Hope you enjoy.

  • Roy Beckemeyer, April 12, 2016

A Christmas Memory in Poetry – “Christmas Interregnum”

Thanks to Nancy Julien Kopp for her reminder to us all to write down our Christmas memories for our children and grandchildren. Here is my 2010 poem, “Christmas Interregnum.”

Looking like the last
Of the three Magi
My brother trudges through snow
Behind our two sisters.
His left mitten
Trails behind,
Tethered to him
By yarn the color
Of the cedars of Lebanon.

A rookery of nuns
Awaits us in the schoolyard,
The black of their
Black and white habits
Stark against the white,
The white blending with the snow.
Black veils over white wimples
Make them look like
The penguins in our geography books.

Morning Mass is full of the smells
Of evergreen boughs and beeswax,
Incense and wet wool,
And the lemony oil our mothers used
To wax the pews.
We stand, sit and kneel
With our hands folded
While the snowflakes
Studding our caps and coats
Slump and melt,
Beading our clothes with droplets
That briefly encapsulate
The warm light of Christmas candles
In their round cold wetness
Before dripping off
To puddle on the slate floor.

Through ice-sparkled
Schoolroom windows,
We watch the wasted brilliance
Of winter’s first snow;
Having to go to school
A whole half-day
Before the holiday vacation
Is penance enough
Without this purgatory.
But the wait for morning recess
Is just a small preview,
A preparation,
A prediction
Of the longer wait awaiting us
On Christmas Eve.

At last Sister Michael takes up
The hand bell.
Holding it in both hands,
She fills the hall
With its brass reverberations
And we are rescued,
Resuscitated by recess.

The ceremony of pulling on
Still-wet coats and mittens,
Ear-flapped hats
That tie under our chins,
And squeaky-wet galoshes,
Is completed in record time.
We all know that
Snow down the neck
Awaits any slowpoke straggler.

Facing an untrodden school yard
In black rubber boots
Is like having
A clean white page of paper
And a newly sharpened
Ticonderoga # 2 pencil in your hand.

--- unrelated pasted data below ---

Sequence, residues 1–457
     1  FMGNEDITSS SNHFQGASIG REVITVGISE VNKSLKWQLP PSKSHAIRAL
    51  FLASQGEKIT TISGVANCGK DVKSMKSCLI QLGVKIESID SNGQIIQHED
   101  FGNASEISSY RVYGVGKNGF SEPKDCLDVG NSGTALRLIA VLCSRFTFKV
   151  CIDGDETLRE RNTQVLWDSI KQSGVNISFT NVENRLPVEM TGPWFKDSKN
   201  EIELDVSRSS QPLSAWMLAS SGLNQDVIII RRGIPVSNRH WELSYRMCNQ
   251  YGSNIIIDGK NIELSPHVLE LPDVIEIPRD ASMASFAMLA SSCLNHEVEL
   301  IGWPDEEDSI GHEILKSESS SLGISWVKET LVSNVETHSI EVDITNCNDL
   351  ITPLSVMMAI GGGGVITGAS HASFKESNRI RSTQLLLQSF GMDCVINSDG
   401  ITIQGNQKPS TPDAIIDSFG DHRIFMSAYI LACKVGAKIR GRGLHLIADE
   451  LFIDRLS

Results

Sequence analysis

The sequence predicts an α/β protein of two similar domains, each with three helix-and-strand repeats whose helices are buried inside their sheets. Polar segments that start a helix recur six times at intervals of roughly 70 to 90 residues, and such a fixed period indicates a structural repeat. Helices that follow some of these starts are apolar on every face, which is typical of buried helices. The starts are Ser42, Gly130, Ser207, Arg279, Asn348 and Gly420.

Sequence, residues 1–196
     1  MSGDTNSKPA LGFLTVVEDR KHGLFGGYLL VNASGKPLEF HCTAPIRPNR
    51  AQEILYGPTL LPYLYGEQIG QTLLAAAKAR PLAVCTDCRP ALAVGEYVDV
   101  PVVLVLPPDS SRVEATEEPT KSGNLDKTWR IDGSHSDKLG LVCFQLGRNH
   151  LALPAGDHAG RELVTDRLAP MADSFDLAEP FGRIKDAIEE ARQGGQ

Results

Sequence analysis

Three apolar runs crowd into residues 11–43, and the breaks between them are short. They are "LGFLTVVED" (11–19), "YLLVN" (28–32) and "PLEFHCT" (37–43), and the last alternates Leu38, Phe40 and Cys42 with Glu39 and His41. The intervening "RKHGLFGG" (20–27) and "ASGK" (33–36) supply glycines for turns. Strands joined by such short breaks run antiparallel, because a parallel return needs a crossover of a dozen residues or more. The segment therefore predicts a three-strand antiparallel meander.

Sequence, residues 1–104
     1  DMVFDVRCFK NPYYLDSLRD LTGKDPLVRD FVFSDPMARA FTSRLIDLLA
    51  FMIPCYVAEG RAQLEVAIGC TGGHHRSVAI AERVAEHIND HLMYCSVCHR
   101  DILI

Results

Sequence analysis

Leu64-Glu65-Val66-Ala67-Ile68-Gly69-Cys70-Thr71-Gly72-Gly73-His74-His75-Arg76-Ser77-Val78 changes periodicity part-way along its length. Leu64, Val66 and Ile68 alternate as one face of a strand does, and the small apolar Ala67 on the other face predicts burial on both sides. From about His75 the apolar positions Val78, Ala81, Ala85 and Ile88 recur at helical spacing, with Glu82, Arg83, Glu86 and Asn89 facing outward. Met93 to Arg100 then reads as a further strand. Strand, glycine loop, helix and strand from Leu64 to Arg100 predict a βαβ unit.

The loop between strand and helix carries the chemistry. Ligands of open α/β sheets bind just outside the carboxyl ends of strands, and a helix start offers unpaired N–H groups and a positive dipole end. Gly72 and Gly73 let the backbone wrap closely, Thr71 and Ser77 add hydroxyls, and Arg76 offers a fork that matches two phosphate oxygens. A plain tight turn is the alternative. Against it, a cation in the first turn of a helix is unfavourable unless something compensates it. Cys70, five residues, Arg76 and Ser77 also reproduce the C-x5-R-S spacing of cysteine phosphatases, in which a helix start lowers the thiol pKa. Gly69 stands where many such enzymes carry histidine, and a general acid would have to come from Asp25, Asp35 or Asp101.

The pent-up pressure
Of seventy-three kids
In single-file best-behavior
In the nun-lined hallways
Propels us out the door
And down the steps
Into a jostling chaos
Of splendid, snowy exuberance.
Soon snow angels
And snow-tag wheels
And names written in snow
Are everywhere and the snow
That isn’t packed down by feet
Is filling up boots,
Being rubbed in faces,
Rolled into balls
Or flung into the air.

By the time Father Schoen arrives.
Smelling of cigars and mothballs,
With the cold outside air still clinging
To his black clothes,
Our splotchy red cheeks,
Still cold as snowballs,
Are the only sign of recess
Remaining in the classroom.

He will quiz us on the Catechism,
Twisting the cheeks of those
Who can’t answer correctly,
Or quickly enough,
Between his thumb and index finger,
Marking them as the reddest
Of the red cheeked students
Of St. Anthony’s Parochial School.

At long last noon arrives,
And with it St. Nicholas,
Appropriately announced
By Sister Michael’s bell.
His red vestments and red mitre
And golden crosier
Light the classroom
Like a blazing Yule-log.

He gives us each a gift:
A brown paper bag
Holding a juicy fresh orange,
A polished red apple,
A candy cane,
And a picture of the Nativity scene,
Blessed by St. Nicholas himself.
Then he makes the Sign of the Cross
Over our heads with his
Ringed right hand,
Blessing us as well.

Going home, we can no longer tell
The street from the sidewalk,
The sidewalk from the yards,
And after a block
It is so cold
That the snow does not melt
As it falls thickly onto our treat bags.
Children drift off
In all directions,
Bundles of dark wool,
Against the bright whiteness.

My brother calls out
“Wait for me”
To my sisters;
His mitten is again
Tobogganing behind him
As he catches snowflake
After snowflake
In his small bare hand,
Delighting in each unique,
Christmas treasure.

The air is full of snowflakes,
Full of the smell
Of the freshly broken orange in my hand,
Full at last of the promise,
The certainty,
The familiar and longed-for
Reign of Christmastime.

by Roy Beckemeyer, December, 2010

Posted December, 2015


Interview Conducted for Kansas Public Radio by Kaye McIntyre Aired September 20, 2015

During the Kansas Notable Book Awards, Kaye McIntyre of Kansas Public Radio interviewed the Notable Book Awardees including yours truly. Here is the link to the program, which aired on September 20, 2015.


My interview and reading occurs about 35 minutes into the program.


  • Roy Beckemeyer

Interview in The Active Age

Check out Amy Houston’s interview covering my 2015 Kansas Notable Book Award.


4th Printing of “Music I Once Could Dance To”

My poetry book, “Music I Once Could Dance To,” published last year by Coal City Press, is now in its fourth printing. We have added a note about the book having been selected as a 2015 Kansas Notable Book.